By Adam Crymble
As I’m writing, there are only a few hours left in 2009. Last year marked the 400th anniversary of the founding of Quebec. This year, again an important Quebec anniversary came and went, but most English speaking Canadians probably didn’t even notice: the 250th anniversary of the Battle of the Plains of Abraham during which General Wolfe wrested New France from his adversary, Marquis de Montcalm.
If you grew up in the Canadian education system, you almost certainly studied this battle. And, if your experience was anything like mine, you were told that on September 12, 1759, the brilliant strategist, Wolfe, sailed his ships back and forth in front of the city of Quebec, tiring out the French soldiers who had to march to and fro to keep their eyes on the British. Then, when the French were all tuckered out, Wolfe landed his ships, rushed up the bank to the Plains of Abraham and defeated a French army, claiming New France for Britain. Oh, and while he was at it, he was mortally wounded, but was kind enough to pose for this famous painting by Benjamin West:
I had always assumed the whole thing took about 8 minutes.
Imagine my surprise this past summer when stumbled across Canadian author and historian Christopher Moore “live-blogging” the siege of Quebec, which started almost eighty days before the famous battle. During the siege, the British artillery decimated the city of Quebec and terrorized its citizens, many of whom died as a result of the constant bombardment.
While I’m shocked and appalled by my ignorance of Canadian history, that’s not what I’d like to focus on here. Instead, what I think is important was the novel way Christopher Moore attempted to tell this story.
During this past summer, Moore posted an entry per day to his blog that outlined what had happened in the siege on that day 250 years ago. A typical entry was only a few paragraphs and tied together primary sources with contextual commentary by Moore. When available, Moore used British and translated French sources to give perspectives from both sides. The entry from July 4th read:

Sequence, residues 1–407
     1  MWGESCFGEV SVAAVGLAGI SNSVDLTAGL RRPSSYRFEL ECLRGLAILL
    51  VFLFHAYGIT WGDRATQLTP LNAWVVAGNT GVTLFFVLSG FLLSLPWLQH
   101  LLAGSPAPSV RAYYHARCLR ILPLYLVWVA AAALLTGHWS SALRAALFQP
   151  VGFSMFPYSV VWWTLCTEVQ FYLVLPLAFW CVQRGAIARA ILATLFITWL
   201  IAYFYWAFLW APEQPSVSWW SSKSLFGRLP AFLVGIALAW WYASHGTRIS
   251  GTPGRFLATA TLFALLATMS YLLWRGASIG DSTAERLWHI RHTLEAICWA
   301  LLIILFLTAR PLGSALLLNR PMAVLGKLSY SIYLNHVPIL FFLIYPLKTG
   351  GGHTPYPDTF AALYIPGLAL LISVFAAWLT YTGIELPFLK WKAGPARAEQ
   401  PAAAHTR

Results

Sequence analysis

July 4, 1759: With the British siege forces moving into place facing the city, Foligné, a diarist within the city of Québec, reports that Montcalm this day issued a declaration that all within the city who could not serve the armed forces or were fearful should leave for Trois-Rivières or Montreal immediately.
Alone it does not tell us much, but together with the 72 other posts in the series, the reader gets a pretty comprehensive survey of the siege. It wasn’t perfect; there were dull days, or days when I wished I could have had a few more details, and in a few cases I found it difficult to visualize exactly where events were occurring because of my limited knowledge of the small towns in that area, but overall the format was successful.
What’s most novel about the approach is that it acknowledges that most events in history took time to unfold. By making us wait for tomorrow to see what happens next, Moore has forced us to experience the unknown just as the people who lived through the siege had to do 250 years ago. Thankfully, we’re spared the terror and uncertainty, but the suspense remains.